…More articles and features like this! The more we raise the issue and highlight the powerful stats behind investing in female-led companies, the more funding we’ll see.
As part of my series about “the five things we need to do to close the VC gender gap” I had the pleasure of interviewing Dana Spaulding.
In April 2017, Dana Spaulding, certified level II Sommelier, founded Wander + Ivy. Wander + Ivy is a certified woman- and disability-owned company providing premium wine in upscale single-serve packaging.
All Wander + Ivy wines are produced by award-winning, family-owned vineyards around the world. Wander + Ivy donates 1-percent of gross profits annually to a nonprofit providing healthy food to those in need.
Prior to creating W+I, Dana spent 7 years with J.P. Morgan’s Private Bank, managing assets for ultra-high net worth families. Most recently, Dana was a Vice President in the J.P. Morgan Rockies Market, covering the food and beverage industries, among others.
Dana studied Economics and Business Administration at Fordham University in New York City and graduated Summa Cum Laude. While at Fordham, Dana also danced with the Alvin Ailey American Dance Theater. Dana currently lives in the Denver Highlands with her husband, Gus, daughter, Maelyn, and boxer, Tedy. In her spare time enjoys yoga, running, skiing, cooking and traveling with her family.
Thank you so much for joining us! Can you tell us the “backstory” that brought you to this career path?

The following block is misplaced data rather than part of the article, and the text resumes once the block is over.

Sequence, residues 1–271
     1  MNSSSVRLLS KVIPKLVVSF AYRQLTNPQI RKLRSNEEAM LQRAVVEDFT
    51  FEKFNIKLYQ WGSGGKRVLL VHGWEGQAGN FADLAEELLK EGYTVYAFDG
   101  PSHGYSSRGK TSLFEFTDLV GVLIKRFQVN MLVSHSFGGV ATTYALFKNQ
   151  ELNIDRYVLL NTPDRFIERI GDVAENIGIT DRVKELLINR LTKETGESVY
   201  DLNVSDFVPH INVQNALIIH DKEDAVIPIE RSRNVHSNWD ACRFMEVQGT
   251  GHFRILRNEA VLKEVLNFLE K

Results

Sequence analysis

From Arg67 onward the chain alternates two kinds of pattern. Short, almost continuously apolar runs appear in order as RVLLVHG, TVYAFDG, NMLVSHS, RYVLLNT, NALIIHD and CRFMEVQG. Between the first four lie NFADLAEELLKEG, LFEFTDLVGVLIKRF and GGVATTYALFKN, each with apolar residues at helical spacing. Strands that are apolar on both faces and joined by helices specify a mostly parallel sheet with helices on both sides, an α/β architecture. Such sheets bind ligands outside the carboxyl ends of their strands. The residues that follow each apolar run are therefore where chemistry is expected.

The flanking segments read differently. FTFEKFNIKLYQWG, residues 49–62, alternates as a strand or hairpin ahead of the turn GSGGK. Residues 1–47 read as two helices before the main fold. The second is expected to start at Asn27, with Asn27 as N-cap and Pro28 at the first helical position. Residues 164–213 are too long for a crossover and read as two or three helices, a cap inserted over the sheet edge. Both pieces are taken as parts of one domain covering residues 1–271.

I spent the first 8 years of my career in private wealth management. My teams and I managed wealth for ultra high net worth families and most recently I covered entrepreneurs in the food and beverage industries. While in finance, I met my husband, Gus, and we often talked about how inspiring our clients were and how we’d love to build our own company one day. We were constantly throwing out crazy business ideas. And finally I had the “spark” for Wander + Ivy when Gus asked me, “are you really going to waste another glass of wine?”
I was frustrated because, yes, I wanted to enjoy a nice glass of wine after a long day; but yes, I hated to admit, he was right. I would likely waste the bottle by not finishing it. I love wine. He loves whiskey. So we often find ourselves wasting bottles, because hey there is a time and place to have a full bottle of wine to yourself and for me it’s not a weeknight! I sought out single-serve options, but found low-quality wine in cheap packaging and no organic options.